Cylindrical clamping bushes or tensioners have a conical inner and outer ring with clamping bolts. Despite having conical rings, these clamping bushes are described as "cylindrical" as they are fitted in a cylindrical bore.
When a cylindrical clamping bush is tightened with the prescribed torque, the inner ring is forced onto the outer ring, creating an interlocking connection between the disc and the shaft. This connection is free of play and is characterised by a high degree of rotational accuracy.
A cylindrical clamping bush is often used if a transferral of force is required in an application where a key way is not in use. Clamping bushes are very easy both to install and remove, and fitting them does not result in axial alignment errors.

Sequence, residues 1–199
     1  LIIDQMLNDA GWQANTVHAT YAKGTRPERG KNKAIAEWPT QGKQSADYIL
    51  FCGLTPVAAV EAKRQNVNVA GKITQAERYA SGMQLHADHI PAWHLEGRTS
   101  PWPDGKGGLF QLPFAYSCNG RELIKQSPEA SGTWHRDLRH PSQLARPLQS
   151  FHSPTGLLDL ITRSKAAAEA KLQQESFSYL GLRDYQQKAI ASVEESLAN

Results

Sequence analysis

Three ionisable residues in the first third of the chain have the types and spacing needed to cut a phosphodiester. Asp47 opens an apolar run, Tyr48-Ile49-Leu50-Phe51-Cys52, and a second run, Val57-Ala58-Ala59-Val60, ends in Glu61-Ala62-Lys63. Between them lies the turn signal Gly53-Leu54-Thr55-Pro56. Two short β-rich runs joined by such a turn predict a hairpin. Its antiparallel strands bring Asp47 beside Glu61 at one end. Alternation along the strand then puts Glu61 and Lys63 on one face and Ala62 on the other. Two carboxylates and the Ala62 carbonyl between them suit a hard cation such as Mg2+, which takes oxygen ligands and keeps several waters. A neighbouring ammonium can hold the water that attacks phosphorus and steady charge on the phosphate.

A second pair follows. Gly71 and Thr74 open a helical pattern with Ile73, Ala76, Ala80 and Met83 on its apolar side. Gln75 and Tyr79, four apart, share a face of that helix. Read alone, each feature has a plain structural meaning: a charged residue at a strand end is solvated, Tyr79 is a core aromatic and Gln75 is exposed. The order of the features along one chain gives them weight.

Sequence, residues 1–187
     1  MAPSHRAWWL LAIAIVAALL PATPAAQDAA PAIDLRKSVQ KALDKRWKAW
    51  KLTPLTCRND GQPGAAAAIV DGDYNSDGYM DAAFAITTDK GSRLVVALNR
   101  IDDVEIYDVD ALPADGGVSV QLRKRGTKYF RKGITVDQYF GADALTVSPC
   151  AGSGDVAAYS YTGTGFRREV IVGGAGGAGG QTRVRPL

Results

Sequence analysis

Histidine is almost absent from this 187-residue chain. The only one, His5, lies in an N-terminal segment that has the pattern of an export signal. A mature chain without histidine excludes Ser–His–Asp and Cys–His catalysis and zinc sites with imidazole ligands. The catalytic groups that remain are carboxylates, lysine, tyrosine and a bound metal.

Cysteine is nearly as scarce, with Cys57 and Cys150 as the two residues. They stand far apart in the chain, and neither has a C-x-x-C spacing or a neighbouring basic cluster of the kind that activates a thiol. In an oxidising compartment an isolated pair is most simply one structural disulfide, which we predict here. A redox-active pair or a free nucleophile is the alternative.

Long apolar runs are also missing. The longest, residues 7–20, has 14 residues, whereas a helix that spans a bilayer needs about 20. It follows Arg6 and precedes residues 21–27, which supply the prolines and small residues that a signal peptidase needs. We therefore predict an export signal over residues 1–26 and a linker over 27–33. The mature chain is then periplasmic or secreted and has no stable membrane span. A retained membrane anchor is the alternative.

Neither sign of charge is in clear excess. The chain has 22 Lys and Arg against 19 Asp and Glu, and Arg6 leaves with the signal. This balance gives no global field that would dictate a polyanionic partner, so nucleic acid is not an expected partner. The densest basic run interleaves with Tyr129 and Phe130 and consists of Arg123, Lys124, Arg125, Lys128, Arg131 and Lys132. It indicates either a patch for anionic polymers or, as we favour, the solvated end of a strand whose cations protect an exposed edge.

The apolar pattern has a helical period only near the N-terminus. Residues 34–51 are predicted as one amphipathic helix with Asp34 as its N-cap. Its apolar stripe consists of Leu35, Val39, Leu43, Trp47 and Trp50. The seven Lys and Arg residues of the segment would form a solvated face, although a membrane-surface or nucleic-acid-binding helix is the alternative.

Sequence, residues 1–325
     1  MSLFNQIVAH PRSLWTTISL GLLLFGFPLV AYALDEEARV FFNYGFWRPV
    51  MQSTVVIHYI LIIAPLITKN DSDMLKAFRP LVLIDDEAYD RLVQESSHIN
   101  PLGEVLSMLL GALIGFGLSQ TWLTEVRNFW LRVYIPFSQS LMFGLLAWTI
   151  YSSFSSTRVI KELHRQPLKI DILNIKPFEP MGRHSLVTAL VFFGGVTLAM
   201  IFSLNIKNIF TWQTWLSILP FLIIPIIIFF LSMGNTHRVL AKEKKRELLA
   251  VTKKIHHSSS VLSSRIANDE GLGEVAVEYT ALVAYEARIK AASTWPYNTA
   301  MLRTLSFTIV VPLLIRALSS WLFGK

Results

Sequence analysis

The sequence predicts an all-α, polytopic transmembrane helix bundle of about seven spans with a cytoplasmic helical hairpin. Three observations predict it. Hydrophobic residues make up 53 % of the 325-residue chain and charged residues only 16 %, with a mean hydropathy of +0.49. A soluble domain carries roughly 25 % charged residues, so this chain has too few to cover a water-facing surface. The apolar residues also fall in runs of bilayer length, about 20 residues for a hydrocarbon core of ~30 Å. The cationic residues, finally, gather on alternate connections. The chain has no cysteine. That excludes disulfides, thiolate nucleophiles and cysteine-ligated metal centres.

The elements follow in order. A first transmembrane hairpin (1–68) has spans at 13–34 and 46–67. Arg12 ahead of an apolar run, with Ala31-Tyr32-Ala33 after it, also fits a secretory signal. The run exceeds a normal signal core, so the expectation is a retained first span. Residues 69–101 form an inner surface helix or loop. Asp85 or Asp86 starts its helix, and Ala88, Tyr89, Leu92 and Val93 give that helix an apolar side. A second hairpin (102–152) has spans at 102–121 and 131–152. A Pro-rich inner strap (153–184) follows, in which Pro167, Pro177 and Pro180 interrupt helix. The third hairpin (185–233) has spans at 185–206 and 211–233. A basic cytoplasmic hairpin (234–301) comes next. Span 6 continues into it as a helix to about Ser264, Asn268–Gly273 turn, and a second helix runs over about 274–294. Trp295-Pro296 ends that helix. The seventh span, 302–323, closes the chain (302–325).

There is a suitable clamping bush available for every application. Which type of clamping bush is most suitable is primarily determined by whether an application requires high or low torque. This also depends on whether the clamping bush has to be self-centring or not.
Clamping bushes also present an ideal solution for applications that require a high torque to be transferred via a small diameter.
Clamping bushes are usually made from cast iron or steel but are also available in other materials such as stainless steel if this is required by environmental conditions. Additionally, clamping bushes can be nickel plated or subjected to another form of surface treatment. This option is often used if the clamping bush needs to be resistant to moisture, rust formation or other (aggressive) conditions.
Clamping bushes can also be used in any application that requires a drive pulley. As a result, clamping bushes can also be found in almost every industry: (petro)chemicals, the food and drug industries, mechanical engineering, naval applications, agriculture and forestry as well as fisheries, for example.